- The Washington Times - Tuesday, January 10, 2012

JERUSALEM — Syrian President Bashar Assad vowed to crush opposition “terrorists” with an “iron fist” Tuesday, refusing to step down amid growing international criticism of his deadly response to a nearly 10-month-old uprising against his regime.

In his first speech since June, the Syrian strongman promised fresh reforms and a referendum on a new constitution. But he said that foreign conspirators had caused Syria’s unrest, in which the United Nations estimates that more than 5,000 civilians have died since March.

“The external conspiracy is clear to everybody,” Mr. Assad said during a two-hour, televised speech at Damascus University in Syria.

In Washington, State Department spokeswoman Victoria Nuland asserted that it is time for Mr. Assad to “step aside,” but stressed that the U.S. is “not dictating how this needs to go forward.”

“We’re simply saying that, in terms of our confidence that he can lead his country in a better direction, that’s over,” Ms. Nuland said.

France’s foreign minister said Mr. Assad’s speech incited violence and was not based on reality. “It is a speech at odds with what one might expect. It incites violence and confrontation between the parties. It’s a sort of denial of reality,” Alain Juppe said.

Meanwhile, the United Nations estimated that an additional 400 people have been killed in Syria since the Arab League sent observers there last month to monitor the Assad regime’s implementation of a league-sponsored peace plan.

In his speech, Mr. Assad accused member states of the Arab League, which has suspended Syria, of hypocrisy.

“Their situation is like that of a doctor who tells people not to smoke while he has a cigarette in his mouth,” he said.

The Arab League’s observer mission in the country will issue a report on Jan. 19.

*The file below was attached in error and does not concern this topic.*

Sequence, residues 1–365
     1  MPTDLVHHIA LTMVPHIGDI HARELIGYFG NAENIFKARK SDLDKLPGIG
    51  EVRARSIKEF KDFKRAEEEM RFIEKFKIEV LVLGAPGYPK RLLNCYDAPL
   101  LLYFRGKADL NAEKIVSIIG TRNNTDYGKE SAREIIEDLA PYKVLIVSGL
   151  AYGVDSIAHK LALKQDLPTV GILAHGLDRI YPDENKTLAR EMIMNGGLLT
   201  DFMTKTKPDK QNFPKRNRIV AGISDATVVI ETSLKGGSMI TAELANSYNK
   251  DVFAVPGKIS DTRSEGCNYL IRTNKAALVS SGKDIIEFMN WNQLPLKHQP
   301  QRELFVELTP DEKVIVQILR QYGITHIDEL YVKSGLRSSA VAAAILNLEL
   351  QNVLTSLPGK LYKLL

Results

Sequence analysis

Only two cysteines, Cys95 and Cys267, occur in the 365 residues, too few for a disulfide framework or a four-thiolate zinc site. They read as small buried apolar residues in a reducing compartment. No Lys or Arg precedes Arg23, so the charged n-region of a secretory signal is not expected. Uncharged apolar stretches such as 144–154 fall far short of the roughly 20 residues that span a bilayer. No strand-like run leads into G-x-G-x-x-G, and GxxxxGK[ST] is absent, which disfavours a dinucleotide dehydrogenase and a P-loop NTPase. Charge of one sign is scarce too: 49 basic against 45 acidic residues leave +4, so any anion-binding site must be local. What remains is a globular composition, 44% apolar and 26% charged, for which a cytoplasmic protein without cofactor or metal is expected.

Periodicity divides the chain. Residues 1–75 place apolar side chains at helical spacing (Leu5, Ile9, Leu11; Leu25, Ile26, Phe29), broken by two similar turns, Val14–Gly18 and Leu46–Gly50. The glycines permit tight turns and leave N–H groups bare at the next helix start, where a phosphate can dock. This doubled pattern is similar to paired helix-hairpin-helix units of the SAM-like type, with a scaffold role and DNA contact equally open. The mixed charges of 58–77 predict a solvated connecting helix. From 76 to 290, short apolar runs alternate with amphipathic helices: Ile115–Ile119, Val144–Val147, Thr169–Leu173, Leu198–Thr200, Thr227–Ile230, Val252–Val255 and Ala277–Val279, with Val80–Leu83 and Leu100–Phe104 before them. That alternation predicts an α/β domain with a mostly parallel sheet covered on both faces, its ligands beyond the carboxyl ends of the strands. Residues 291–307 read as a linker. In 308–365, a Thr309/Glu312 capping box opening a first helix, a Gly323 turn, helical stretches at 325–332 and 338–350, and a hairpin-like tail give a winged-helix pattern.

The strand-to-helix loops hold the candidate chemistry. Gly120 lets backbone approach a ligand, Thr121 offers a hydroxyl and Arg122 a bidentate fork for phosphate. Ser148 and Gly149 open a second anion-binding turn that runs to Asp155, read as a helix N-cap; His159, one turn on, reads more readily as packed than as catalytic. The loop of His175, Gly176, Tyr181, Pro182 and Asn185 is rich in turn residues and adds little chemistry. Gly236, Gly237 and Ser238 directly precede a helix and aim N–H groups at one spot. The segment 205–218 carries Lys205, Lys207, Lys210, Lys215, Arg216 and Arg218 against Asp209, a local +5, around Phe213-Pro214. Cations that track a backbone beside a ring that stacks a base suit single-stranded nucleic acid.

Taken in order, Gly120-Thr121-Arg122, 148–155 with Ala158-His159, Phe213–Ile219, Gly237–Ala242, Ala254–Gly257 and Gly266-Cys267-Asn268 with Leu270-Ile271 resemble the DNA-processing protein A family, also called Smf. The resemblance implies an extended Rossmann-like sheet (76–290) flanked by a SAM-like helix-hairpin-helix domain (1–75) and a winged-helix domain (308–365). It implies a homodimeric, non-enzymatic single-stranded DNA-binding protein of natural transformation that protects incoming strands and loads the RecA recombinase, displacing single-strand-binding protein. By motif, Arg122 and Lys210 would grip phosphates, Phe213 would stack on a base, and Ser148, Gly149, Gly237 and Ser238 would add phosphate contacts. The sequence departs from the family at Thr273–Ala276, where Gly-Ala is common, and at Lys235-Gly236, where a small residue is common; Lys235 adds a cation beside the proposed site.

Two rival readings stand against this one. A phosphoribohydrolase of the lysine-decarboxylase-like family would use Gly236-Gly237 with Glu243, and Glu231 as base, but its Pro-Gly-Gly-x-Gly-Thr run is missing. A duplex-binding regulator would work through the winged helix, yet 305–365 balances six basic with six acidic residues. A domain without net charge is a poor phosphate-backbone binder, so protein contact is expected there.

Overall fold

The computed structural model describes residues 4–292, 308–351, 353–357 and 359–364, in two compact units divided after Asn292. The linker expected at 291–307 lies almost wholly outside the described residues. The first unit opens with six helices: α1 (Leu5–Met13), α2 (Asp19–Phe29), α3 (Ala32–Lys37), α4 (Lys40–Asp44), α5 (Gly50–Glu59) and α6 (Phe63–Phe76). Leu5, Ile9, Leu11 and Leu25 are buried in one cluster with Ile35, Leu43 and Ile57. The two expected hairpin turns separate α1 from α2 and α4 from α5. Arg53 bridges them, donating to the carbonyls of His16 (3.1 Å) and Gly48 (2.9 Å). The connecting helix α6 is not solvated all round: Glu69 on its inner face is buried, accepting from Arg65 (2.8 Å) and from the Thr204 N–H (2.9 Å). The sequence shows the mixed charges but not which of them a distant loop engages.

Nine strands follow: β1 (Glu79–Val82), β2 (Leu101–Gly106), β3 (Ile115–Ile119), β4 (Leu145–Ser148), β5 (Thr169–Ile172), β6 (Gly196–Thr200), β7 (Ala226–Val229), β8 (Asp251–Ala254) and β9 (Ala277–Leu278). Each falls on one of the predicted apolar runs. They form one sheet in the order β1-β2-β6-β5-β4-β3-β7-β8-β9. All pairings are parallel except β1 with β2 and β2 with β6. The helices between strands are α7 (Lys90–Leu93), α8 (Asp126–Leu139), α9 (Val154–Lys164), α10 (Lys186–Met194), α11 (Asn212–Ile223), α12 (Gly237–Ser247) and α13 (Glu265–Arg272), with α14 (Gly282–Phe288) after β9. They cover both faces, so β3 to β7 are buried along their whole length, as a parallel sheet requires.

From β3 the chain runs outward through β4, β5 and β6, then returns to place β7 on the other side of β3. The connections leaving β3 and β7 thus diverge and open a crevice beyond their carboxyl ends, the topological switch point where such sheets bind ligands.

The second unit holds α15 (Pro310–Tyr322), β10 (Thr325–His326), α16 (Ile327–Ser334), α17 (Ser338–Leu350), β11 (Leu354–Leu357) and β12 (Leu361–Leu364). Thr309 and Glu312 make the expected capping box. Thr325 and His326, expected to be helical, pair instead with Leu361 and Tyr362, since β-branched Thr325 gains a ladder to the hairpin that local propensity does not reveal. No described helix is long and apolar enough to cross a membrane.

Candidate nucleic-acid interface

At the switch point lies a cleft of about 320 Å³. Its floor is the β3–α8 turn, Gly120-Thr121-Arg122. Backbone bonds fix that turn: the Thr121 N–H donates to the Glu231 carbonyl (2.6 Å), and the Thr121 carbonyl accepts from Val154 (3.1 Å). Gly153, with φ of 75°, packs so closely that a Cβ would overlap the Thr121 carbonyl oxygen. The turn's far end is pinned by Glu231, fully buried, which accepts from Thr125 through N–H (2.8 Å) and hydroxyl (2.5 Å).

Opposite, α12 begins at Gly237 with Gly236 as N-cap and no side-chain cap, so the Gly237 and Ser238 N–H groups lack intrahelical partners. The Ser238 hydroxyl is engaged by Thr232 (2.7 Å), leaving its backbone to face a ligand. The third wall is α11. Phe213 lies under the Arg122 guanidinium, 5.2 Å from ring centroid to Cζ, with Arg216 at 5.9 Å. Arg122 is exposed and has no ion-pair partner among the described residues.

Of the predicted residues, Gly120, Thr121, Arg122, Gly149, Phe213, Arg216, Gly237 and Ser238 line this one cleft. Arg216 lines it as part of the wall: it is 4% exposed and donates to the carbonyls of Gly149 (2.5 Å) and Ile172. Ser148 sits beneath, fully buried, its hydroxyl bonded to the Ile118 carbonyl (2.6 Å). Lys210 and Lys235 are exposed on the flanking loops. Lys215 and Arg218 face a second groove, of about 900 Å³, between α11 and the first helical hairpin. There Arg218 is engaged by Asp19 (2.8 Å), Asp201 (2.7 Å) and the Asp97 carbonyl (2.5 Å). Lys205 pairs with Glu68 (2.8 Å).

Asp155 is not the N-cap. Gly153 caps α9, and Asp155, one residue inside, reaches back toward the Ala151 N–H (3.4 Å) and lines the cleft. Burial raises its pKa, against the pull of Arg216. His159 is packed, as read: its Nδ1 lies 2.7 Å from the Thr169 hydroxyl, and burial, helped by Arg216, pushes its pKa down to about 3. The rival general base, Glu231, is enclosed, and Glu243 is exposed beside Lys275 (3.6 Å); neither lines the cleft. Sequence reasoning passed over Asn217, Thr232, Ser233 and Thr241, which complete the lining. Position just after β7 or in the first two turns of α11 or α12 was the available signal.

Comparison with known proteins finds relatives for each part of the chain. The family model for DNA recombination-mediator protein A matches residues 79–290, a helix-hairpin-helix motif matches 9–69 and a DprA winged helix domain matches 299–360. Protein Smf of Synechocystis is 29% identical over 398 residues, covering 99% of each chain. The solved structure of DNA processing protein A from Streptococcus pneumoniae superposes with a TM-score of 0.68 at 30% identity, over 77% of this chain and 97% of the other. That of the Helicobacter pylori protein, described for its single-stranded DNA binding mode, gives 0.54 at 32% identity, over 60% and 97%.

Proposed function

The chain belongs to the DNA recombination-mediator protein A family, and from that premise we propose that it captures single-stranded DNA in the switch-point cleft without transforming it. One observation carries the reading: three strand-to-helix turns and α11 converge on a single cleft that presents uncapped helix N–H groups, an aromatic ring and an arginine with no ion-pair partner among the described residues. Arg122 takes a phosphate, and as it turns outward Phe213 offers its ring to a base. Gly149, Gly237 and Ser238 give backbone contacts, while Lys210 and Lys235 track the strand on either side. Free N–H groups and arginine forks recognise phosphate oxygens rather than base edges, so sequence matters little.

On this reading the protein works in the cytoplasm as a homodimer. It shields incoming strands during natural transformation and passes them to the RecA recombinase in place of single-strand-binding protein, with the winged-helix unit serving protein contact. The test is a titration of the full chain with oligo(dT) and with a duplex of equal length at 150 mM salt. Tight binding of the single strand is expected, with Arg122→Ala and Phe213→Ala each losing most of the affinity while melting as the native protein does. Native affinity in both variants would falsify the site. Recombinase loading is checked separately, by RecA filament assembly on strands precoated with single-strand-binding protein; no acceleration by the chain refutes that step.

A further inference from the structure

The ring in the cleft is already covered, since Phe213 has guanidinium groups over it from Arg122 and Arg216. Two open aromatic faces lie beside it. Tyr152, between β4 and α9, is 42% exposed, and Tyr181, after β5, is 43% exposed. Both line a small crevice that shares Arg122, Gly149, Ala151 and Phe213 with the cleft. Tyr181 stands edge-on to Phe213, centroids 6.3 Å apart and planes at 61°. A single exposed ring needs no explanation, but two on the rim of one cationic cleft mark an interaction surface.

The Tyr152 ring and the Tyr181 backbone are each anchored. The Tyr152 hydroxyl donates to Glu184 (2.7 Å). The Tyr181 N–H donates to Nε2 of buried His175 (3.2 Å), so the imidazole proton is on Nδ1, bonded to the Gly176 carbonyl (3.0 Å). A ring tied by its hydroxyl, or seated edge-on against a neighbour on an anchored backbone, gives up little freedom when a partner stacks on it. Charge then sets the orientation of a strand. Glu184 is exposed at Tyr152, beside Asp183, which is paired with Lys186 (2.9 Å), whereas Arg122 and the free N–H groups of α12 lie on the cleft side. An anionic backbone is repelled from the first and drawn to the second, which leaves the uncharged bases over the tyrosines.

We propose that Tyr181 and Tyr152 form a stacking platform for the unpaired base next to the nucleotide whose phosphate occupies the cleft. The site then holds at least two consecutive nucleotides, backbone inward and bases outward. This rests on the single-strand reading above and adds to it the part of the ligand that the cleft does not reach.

On Tuesday, Arab League chief Nabil al-Arabi said he held the Assad regime “totally responsible” for recent attacks on the league’s observers. He said he rejected “any attempt to undermine the mission,” whether from the government or the opposition.

Syrians are increasingly regarding the Arab League’s mission as a failure.

In a news conference Tuesday in Istanbul, Burhan Ghalioun, a leader of the Syrian National Council, said Mr. Assad’s speech “undercut any Arab or non-Arab initiative to find a political solution to the crisis.”

Mr. Ghalioun urged the Arab League to refer Syria to the U.N. Security Council.

In recent weeks, he and other opposition leaders have spoken in favor of foreign military action, though few expect a Libya-like operation anytime soon.

“The good news is that the political arm of the Syrian opposition is now unequivocally in favor of military intervention,” said Michael Weiss, author of an opposition-backed report that advocates the creation of a safe area and no-fly zone in northwestern Syria.

“The problem [is] they’ve yet to form an official partnership with the Free Syrian Army and the unaffiliated rebel brigades with a clearly articulated chain of command,” said Mr. Weiss, communications director for the nonprofit Henry Jackson Society, which promotes democracy movements.

The Free Syrian Army, made up of defectors from the country’s military, have put up armed resistance to protect civilians from the Assad regime’s crackdown.

As the conflict in Syria has continued to boil, regional power players have voiced fresh concern that the situation could deteriorate.

Turkish Prime Minister Recep Tayyip Erdogan said Monday that “the situation that has emerged there is heading towards a religious, sectarian, racial war, and this needs to be prevented.”

In Syria, the bulk of the opposition to Mr. Assad comes from the country’s Sunni Arab majority.

Mr. Assad retains solid support from his fellow Alawites, who constitute about 12 percent of the population, and from Christians, who make up about 10 percent of the population and fear the fate of besieged Christian communities in Iraq and Egypt should Mr. Assad fall.

In Israel, where the Arab Spring has been viewed with suspicion, many think that Mr. Assad’s ouster could deal a blow to the Iranians while cutting the supply route to Hezbollah in Lebanon.

On Tuesday, Israel Defense Forces chief Gen. Benny Gantz said the turmoil could cause Mr. Assad to attack Israel.

Assad and the Syrian regime may have a hard time acting against us in the short term, but we also need to take into account that Syria has advanced weapons systems,” Gen. Gantz told a legislative committee, noting the regime’s possession of anti-ship cruise missiles.

Mr. Assad referenced Israel in his speech during his criticism of the Arab League’s efforts to isolate him.

“We have been working for years to create an office to boycott Israel,” he said, “but in [recent] weeks they did it against Syria. Are they swapping Israel for Syria?”

c Guy Taylor in Washington contributed to this report.

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